To some it looks cheap and nasty, for others it’s a sensible (or even sexy) design decision. Brian Clegg wraps himself in PVC
This week, a long lasting compound which has been dividing opinion among the masses for many years. Revealing its chemistry is Brian Clegg…
Imagine a compound that is so effective that it means you can forget maintenance of items made from it from many years to come, that people in their millions make use of in their homes – and yet that others consider a design disaster. The same compound that some find sexy in clothing, while others believe it to be tasteless in the extreme. This uniquely socially divisive molecule is polyvinyl chloride, almost universally known as PVC.
Vinyl chloride or chloroethene, the monomer of which PVC is made, is a simple molecule: just a pair of double-bonded carbons, one attached to two hydrogen atoms, the other to a hydrogen and a chlorine. This toxic, carcinogenic and highly flammable liquid has little value in its own right. But open up the double bond and use it to chain many of the molecules together and the result is a particularly versatile polymer.
Although its practical use would come considerably later, PVC was one of the earliest plastics to be discovered – but without its discoverers realising. The versatile German pioneer of organic chemistry Justus von Liebig produced vinyl chloride in 1835 and that same year his student Henri Regnault left a container of the liquid in sunlight and found a white solid was deposited – but took it no further. When plastics started to become of interest there were a number of attempts to make use of PVC, but it proved brittle and difficult to manipulate.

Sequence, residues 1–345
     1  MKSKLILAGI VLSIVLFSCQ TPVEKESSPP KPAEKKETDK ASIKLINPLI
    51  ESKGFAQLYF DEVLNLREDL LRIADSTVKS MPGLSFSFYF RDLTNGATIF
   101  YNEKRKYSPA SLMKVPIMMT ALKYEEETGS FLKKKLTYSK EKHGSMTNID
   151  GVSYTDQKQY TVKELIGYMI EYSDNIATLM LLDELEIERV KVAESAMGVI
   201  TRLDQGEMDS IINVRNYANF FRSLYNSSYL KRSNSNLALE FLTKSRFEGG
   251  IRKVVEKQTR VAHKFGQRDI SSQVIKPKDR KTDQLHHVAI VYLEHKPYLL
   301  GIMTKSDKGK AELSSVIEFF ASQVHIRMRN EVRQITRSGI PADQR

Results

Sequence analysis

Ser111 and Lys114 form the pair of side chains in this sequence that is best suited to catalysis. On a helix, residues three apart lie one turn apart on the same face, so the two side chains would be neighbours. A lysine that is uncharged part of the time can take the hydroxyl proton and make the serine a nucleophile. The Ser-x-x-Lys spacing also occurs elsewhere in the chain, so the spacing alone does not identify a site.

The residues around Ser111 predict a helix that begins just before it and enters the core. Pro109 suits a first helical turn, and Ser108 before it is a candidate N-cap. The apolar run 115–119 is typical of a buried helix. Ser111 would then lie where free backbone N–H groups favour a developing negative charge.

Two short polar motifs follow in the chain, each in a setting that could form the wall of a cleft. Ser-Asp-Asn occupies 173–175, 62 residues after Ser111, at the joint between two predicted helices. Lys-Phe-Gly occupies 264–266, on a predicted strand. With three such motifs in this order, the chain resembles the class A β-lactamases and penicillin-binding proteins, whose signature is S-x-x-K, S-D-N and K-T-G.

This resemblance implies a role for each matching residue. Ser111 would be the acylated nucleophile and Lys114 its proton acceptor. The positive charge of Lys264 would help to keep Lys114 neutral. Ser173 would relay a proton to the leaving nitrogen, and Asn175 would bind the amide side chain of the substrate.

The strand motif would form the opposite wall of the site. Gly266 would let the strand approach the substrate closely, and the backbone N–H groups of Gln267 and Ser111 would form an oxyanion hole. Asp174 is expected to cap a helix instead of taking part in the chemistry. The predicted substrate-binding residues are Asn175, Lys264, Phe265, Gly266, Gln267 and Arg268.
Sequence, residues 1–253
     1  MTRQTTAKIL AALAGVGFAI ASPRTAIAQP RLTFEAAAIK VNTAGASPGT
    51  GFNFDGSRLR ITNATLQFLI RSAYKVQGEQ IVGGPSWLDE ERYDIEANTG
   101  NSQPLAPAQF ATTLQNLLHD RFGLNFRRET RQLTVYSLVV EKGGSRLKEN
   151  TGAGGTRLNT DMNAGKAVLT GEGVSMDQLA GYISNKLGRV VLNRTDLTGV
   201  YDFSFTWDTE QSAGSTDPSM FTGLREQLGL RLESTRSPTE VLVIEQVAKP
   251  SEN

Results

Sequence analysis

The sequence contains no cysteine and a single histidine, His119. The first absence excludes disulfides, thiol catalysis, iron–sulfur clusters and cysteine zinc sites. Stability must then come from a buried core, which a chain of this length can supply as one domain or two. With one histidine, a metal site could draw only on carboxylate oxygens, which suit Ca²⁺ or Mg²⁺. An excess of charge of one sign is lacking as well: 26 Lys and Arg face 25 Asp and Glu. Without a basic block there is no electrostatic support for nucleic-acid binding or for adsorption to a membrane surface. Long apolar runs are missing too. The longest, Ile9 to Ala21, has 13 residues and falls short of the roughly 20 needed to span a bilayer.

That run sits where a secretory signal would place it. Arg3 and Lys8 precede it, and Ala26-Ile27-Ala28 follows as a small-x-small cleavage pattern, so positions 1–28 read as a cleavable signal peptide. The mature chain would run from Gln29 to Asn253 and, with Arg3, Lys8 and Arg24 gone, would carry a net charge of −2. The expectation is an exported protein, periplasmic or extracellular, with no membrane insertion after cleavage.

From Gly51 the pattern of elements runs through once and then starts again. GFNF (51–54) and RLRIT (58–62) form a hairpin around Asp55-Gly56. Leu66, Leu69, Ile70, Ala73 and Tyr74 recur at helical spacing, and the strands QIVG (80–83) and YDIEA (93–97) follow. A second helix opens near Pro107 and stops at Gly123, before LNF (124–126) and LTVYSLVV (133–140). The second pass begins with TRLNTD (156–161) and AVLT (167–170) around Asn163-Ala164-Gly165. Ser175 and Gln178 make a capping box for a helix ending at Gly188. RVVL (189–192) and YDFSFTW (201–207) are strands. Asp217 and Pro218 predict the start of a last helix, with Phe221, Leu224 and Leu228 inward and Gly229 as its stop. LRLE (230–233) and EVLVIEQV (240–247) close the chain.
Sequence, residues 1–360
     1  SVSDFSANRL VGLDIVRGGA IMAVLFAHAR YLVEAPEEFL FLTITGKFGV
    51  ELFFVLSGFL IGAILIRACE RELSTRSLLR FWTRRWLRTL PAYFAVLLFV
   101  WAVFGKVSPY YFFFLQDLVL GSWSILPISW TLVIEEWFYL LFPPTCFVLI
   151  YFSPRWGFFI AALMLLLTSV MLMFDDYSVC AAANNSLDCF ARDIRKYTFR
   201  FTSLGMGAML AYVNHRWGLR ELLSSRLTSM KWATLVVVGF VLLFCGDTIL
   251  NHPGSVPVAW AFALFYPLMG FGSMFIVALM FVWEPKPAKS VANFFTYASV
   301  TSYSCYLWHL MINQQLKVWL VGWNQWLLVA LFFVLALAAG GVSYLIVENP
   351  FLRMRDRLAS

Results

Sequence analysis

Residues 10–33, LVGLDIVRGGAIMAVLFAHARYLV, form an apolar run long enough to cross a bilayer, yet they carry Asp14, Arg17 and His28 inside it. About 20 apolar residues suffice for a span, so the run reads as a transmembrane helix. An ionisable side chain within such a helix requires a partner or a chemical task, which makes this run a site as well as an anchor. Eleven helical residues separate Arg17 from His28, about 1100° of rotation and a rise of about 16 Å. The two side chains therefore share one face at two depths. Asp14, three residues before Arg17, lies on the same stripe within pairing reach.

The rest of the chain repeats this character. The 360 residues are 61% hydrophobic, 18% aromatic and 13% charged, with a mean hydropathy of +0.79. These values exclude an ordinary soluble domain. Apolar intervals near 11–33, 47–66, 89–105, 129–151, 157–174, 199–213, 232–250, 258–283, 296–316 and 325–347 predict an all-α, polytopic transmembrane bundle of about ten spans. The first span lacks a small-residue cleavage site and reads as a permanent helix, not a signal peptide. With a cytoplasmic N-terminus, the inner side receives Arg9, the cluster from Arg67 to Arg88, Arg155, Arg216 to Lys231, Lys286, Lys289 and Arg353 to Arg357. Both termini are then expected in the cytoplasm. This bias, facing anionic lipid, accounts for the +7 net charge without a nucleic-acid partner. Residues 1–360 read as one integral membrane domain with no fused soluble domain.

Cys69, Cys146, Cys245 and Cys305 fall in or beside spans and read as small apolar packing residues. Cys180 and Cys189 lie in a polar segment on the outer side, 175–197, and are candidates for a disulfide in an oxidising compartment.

It wasn’t until 1926 that Waldo Semon at the American rubber and chemicals company B. F. Goodrich discovered a way to make PVC less fragile and more practical by adding a plasticiser. These compounds, often esters of the aromatic phthalic acid, get embedded between the long chains of the PVC molecules, spacing them out and so making the material more flexible and useful for manufacturing. Other additives would be developed over time to make the finished product more stable when exposed to heat and ultraviolet light. Where most plastics are made entirely from oil, over half of PVC by weight (the chlorine) comes from salt, leaving the remainder as ethylene from gas, oil or sugar crops. This thermoplastic is usually produced in powder form before being melted and moulded into products.
Although plasticisers were the breakthrough that brought PVC to market, its most visible (and often most criticized) use today is unplasticised, a distinction that is emphasised by referring to the material as uPVC (in America it is simply called vinyl). Although uPVC has plenty of other additives to prevent deterioration and brittleness, this plasticiser-free form is the material used to make the window frames and doors of most modern houses, and the replacement windows so hated by traditionalists. What is harder to argue with is that a combination of long life and good insulating properties makes uPVC one of the best building products in terms of cost and lifecycle environmental impact.
Vinyl records, still treasured by audio buffs, are simply black PVC